Humanities Lab transforms in-class research into real-world impact

ASU Library, Humanities Lab partnership connects students with resources for research inquiry, information literacy


Two people standing in front of a bookshelf smiling

(From left) Student Jessica Hladik and ASU Associate Liaison Librarian Mimmo Bonanni in front of the "Ecofeminist Expressions" featured collection on the second floor of Hayden Library. The collection was inspired by the Gendering Peace and Security Humanities Lab. Photo by Jordyn Kush/ASU Library

As fall 2024 humanities labs launch in the new semester, the Arizona State University Library and Humanities Lab commemorate an eight-year partnership in addition to the latest outcome of their collaboration: the unveiling of a new student and librarian-driven featured book collection, titled "Ecofeminist Expressions."

The Humanities Lab’s unique format offers collaborative and transdisciplinary learning experiences for students and faculty by tackling pressing social challenges through a framework that leads with the humanities. 

The embedded librarian partnership, which launched in fall 2017, pairs Humanities Lab courses and their corresponding social challenges (i.e., deconstructing race; sustainable fashion; Indigenous food systems) with expert librarians from specialized areas such as humanities, social sciences and Indigenous knowledge. 

“Librarians have special skills in information and material collection, storage and retrieval, which is a major asset for students who’ve never had to work with specialized databases,” said Humanities Lab Program Manager and Humanizing Digital Culture co-faculty Monica Boyd. “An embedded lab librarian also means that the librarian is engaged with the course material alongside the student. Librarians have worked closely with student teams to create outcomes ... and enriched their lab’s inquiry through their own interests.”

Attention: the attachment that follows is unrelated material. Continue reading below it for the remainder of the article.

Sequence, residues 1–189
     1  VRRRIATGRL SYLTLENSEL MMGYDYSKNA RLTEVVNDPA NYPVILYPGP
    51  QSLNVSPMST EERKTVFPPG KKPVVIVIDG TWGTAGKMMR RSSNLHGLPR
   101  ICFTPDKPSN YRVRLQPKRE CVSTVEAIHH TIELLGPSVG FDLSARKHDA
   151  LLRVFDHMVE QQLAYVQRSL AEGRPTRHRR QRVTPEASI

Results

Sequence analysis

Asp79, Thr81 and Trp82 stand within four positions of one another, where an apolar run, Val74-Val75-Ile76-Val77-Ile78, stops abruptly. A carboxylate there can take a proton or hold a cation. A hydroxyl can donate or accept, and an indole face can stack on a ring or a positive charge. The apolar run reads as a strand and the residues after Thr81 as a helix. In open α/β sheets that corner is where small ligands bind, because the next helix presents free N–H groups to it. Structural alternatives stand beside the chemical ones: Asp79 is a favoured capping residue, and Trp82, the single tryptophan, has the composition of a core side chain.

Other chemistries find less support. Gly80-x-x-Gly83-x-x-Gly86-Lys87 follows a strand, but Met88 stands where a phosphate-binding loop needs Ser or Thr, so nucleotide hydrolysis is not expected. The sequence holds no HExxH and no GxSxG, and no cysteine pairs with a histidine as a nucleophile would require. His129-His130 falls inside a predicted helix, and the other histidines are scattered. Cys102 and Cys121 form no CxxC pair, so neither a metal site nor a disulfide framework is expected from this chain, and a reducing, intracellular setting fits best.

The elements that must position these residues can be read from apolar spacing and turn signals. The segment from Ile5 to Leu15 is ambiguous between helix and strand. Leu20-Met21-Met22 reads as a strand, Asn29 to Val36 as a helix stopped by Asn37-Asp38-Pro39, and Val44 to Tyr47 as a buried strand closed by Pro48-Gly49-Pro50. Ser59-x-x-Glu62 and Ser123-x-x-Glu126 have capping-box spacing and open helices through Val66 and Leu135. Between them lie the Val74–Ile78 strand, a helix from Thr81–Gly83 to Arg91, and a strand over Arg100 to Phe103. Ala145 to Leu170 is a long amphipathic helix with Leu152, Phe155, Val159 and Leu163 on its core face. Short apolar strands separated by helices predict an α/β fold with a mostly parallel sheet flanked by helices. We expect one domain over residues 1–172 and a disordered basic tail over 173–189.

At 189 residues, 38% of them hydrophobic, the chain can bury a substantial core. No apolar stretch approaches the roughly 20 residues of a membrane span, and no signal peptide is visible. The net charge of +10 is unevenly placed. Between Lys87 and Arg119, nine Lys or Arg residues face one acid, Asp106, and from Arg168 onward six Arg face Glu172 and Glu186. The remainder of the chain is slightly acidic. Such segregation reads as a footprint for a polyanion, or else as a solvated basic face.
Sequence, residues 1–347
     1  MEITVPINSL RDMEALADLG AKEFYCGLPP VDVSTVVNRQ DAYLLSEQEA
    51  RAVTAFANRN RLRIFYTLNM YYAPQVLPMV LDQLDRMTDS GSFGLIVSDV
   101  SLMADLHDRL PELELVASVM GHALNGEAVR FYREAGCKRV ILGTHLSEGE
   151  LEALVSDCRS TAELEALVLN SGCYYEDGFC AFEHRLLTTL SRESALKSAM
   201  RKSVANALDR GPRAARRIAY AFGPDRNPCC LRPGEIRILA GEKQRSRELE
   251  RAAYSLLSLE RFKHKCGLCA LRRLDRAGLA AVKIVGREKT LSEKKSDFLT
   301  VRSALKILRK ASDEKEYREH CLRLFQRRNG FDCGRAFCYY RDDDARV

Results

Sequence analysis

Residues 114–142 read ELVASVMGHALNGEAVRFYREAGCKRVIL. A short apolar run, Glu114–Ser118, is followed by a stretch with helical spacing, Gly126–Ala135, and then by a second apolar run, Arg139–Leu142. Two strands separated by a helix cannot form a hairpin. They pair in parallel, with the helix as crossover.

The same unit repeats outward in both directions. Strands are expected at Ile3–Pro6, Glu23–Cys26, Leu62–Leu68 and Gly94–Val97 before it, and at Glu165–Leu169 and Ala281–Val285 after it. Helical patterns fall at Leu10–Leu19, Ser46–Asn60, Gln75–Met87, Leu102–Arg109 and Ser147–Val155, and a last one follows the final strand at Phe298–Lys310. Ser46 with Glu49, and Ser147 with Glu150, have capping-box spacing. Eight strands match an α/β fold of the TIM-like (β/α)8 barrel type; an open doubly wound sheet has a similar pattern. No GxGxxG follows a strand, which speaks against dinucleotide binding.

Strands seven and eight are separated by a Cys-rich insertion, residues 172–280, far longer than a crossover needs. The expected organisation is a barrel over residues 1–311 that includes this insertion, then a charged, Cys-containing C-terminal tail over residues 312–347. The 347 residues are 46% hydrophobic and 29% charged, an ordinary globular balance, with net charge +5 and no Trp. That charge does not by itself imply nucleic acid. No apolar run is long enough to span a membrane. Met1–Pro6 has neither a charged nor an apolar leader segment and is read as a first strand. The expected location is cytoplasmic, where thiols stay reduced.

With librarians in each lab course, the collaboration ignites students' ability to turn research inquiries into public-facing and actionable outcomes, including the new “Ecofeminist Expressions” collection, curated for the ASU community. 

These transdisciplinary teams enrich the labs and student experiences, connecting students with the abundant resources available in the library. 

“This partnership has allowed both entities to collaborate around a shared vision of creating a space for the deeper exploration of the challenging topics offered by the Humanities Labs,” said Debra Riley-Huff, associate university librarian for Engagement and Learning Services at the ASU Library. “Having librarians embedded in the labs means the students get to experience the relevance of both information literacy and the required levels of research and understanding needed to be information literate. The embedded librarians can bring tools and research methodology closer to students who may need to be made aware of them.”

This has been a welcome opportunity for librarians to work closely with faculty and students throughout the entire course.

“What's most fulfilling for me is being able to work with the two Humanities Lab faculty members, as a team and collaboratively, creating a course that engages students' curiosity and intellectual research and creativity,” said Mimmo Bonanni, a social sciences librarian at ASU. Bonanni has participated in four different labs, including "Deconstructing Race" and "Gendering Peace and Security," the first in a series of UNESCO BRIDGES Humanities Labs. 

For students like Jessica Hladik, an academic senior majoring in business (sustainability) and supply chain management (with minors in Spanish and economics), having Bonanni in her Gendering Peace and Security Lab made all the difference.